The technique involves mixing a sample of plasma proteins with magnetic nanoparticles and then applying a magnetic field to separate different proteins into discernible bands. “When we put something in liquid, it separates into sediment by weight,” said Morteza Mahmoudi, a researcher involved in the study. “But another force – the magnetic force – can cancel out weight and levitate the proteins. This permits us to much more precisely define the density of proteins in solution.”
‘Levitating’ Proteins Could Help Diagnose Opioid Abuse, Other Diseases
MSU Today online
The method, called “magnetic levitation,” or MagLev, had previously been used to separate different types of particles in solutions, arranging them in groups based on their relative densities rather than weight. Now, two new studies by Precision Health’s Morteza Mahmoudi, assistant professor, and Ali Akbar Ashkarran, research associate, illustrate how the method also can be applied to human blood plasma – the liquid component of blood. Plasma contains many types of proteins that perform a multitude of functions in the body.
Innovative technique uses sensory nanoparticles to detect disease
Investigators from Brigham and Women's Hospital are taking advantage of a unique phenomenon of nanoparticles to develop a test for early detection of different types of diseases, including cancer. Through previous investigations, Morteza Mahmoudi, PhD, now a biomedical investigator in the Department of Anesthesiology, Perioperative and Pain Medicine, and colleagues have shown that biomolecules in the blood of healthy individuals and patients form various corona profiles around nanoparticles. Like dipping a donut hole in powdered sugar, nanoparticles collect a unique coating of proteins from the blood. In a new study published in the Royal Society of Chemistry's peer-reviewed journal Nanoscale Horizons, Mahmoudi and the team present evidence that these coronas are personalized and precise, with different compositions or patterns in people with cancers. They have developed a sensor array that has been tested on blood samples, both from people diagnosed with five different types of cancer as well as purportedly healthy people who went on to have a cancer diagnosis several years later. The team's goal is to develop an early detection test that could be used in the clinic to identify those at risk of cancer and other diseases.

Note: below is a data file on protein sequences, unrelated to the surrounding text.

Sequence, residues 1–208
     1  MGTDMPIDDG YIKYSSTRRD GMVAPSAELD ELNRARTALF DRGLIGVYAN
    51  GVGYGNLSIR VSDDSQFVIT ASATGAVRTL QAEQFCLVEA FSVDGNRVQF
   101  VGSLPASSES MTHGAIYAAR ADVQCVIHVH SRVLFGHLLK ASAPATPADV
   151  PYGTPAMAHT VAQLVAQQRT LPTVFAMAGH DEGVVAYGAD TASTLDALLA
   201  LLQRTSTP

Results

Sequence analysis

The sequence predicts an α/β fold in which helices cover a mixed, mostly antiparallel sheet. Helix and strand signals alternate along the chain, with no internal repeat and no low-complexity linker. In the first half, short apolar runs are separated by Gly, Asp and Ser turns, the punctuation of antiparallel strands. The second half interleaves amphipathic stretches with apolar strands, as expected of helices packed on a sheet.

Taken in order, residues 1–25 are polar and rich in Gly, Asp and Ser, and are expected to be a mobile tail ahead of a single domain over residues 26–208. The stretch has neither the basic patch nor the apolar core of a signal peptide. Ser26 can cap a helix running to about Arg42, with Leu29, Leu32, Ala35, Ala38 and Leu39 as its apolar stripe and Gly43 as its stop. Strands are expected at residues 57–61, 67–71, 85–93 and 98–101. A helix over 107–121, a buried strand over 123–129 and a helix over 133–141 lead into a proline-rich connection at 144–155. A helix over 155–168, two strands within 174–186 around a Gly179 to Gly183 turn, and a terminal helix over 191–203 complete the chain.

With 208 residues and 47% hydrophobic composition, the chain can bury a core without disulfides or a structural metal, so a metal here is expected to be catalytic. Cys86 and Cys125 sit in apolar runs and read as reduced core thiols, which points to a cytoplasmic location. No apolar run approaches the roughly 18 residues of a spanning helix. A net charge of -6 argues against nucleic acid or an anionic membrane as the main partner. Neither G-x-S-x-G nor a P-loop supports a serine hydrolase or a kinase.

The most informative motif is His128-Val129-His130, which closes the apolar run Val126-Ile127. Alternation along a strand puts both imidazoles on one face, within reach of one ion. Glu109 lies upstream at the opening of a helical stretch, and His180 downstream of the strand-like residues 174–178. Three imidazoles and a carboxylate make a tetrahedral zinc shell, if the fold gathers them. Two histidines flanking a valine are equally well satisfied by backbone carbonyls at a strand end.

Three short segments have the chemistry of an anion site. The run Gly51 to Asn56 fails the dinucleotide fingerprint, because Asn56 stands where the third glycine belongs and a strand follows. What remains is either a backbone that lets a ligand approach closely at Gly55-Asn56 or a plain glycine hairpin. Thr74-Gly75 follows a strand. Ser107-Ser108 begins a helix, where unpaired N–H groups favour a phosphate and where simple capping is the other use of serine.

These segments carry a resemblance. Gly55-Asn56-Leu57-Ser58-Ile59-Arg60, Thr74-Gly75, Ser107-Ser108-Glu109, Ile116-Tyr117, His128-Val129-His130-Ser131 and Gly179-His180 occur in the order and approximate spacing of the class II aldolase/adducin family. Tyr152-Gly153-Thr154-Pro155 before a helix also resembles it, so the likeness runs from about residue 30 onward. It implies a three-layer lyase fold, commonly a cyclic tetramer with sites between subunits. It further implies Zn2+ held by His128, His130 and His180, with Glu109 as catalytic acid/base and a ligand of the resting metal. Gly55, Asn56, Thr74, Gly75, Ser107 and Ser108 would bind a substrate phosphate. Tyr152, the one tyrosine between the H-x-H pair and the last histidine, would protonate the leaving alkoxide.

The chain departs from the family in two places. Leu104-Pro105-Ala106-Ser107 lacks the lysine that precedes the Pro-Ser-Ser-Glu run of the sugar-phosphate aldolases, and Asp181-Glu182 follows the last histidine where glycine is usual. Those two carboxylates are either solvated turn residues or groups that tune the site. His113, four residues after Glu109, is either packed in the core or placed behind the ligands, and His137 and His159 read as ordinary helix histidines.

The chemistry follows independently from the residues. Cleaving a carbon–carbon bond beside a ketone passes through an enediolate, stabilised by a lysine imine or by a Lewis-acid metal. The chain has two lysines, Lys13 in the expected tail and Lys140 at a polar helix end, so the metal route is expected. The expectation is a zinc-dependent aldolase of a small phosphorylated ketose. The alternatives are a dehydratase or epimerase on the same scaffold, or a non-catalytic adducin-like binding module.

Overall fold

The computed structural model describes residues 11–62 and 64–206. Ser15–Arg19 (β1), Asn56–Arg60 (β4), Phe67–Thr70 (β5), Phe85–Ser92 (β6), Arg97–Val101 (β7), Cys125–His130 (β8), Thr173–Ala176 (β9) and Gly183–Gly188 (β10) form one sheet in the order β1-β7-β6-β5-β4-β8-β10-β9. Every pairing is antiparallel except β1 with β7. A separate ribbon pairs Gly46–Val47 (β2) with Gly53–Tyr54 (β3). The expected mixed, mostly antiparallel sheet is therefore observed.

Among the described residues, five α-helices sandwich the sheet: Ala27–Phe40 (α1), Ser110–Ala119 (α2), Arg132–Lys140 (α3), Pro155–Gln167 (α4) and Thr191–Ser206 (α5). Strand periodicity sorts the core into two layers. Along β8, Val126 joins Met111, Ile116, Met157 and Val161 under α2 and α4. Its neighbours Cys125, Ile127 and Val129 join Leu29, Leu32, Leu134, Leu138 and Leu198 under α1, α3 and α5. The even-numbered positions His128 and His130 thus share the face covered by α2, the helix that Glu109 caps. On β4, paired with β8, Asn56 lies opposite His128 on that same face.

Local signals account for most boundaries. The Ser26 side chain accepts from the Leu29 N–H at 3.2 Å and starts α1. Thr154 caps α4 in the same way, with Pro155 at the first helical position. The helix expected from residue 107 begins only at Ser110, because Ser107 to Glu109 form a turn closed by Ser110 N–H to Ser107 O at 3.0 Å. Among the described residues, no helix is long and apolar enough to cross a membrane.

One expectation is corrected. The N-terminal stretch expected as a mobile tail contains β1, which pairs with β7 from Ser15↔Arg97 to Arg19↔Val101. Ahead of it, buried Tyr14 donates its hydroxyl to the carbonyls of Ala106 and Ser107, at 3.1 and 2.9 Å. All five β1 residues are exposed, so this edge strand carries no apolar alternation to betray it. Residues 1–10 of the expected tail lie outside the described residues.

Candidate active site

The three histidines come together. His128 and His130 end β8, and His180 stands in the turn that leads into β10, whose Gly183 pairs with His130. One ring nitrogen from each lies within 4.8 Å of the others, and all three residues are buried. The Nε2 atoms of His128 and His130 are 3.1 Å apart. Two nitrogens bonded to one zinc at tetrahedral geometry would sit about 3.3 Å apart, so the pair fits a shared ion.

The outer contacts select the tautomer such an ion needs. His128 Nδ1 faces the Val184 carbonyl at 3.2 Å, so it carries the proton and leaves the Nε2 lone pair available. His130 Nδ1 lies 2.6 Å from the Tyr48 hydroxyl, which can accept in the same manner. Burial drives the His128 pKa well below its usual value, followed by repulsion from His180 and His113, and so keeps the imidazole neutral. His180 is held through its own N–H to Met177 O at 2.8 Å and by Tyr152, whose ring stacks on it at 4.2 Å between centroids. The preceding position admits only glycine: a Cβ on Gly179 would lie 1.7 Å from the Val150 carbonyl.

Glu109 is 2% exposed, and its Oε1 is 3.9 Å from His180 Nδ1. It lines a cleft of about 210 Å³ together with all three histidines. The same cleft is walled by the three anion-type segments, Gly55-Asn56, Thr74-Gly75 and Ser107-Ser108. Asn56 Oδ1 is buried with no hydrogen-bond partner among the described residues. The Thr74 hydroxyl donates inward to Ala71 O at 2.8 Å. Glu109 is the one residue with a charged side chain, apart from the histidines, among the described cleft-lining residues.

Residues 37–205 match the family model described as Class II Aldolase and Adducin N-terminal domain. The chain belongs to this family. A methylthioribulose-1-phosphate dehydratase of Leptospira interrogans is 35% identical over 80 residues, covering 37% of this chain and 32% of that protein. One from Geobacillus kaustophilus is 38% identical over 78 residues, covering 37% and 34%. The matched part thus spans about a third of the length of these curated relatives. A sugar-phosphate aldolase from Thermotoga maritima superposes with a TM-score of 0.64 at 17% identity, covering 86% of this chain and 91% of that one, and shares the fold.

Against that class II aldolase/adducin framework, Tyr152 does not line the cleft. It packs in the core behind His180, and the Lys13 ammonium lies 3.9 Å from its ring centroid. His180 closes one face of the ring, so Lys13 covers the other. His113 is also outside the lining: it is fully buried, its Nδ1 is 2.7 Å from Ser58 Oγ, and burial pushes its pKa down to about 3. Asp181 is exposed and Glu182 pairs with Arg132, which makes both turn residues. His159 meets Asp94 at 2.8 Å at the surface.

Academic bullying: Desperate for data and solutions
American Association for the Advancement of Science. online
As a nanoscientist at Michigan State University, Morteza Mahmoudi investigates the factors at the nanotechnology–biology interface that are key for nanomedicine diagnostics and treatments to succeed. He is also the founder and director of the Academic Parity Movement, a nonprofit organization that aims to address academic bullying through research and awareness. Dr. Mahmoudi discusses why bullying behavior thrives in academia, its impacts on targets and research, and possible solutions to the problem.
Research Focus (1)
Researches nanomedicine and regenerative medicine for the development of new nano-based platforms for prevention/treatment of life-threatening conditions such as cardiomyopathy, cancer, and neurodegenerative diseases. Also, works to increase awareness of academic bullying.
Journal Articles (5)
A mechanistic explanation of the inhibitory role of the protein corona on liposomal gene expressionBiochimica et Biophysica Acta (BBA) - Biomembranes
Palchetti, S., Digiacomo, L., Giulimondi, F., Pozzi, D., Peruzzi, G., Ferri, G., Amenitsch, H., Cardarelli, F., Mahmoudi, M. and Caracciolo, G.
2020 The past three decades have witnessed fast advances in the use of cationic liposome-DNA complexes (lipoplexes) for gene delivery applications. However, no lipoplex formulation has reached into the clinical practice so far. The primary drawback limiting clinical use of lipoplexes is the lack of mechanistic understanding of their low transfection efficiency (TE) in vivo. In physiological environments, lipoplexes are coated by a protein corona (PC) that mediates the interactions with the cell machinery. Here we show that the formation of PC can change the interactions of multicomponent (MC) lipoplexes with our cell model (i.e., HeLa). At the highest lipoplex concentration, the formation of PC can reduce the TE of MC lipoplexes from 60% to
Magnetically Levitated Plasma ProteinsAnalytical Chemistry
Ashkarran, A.A., Suslick, K.S. and Mahmoudi, M.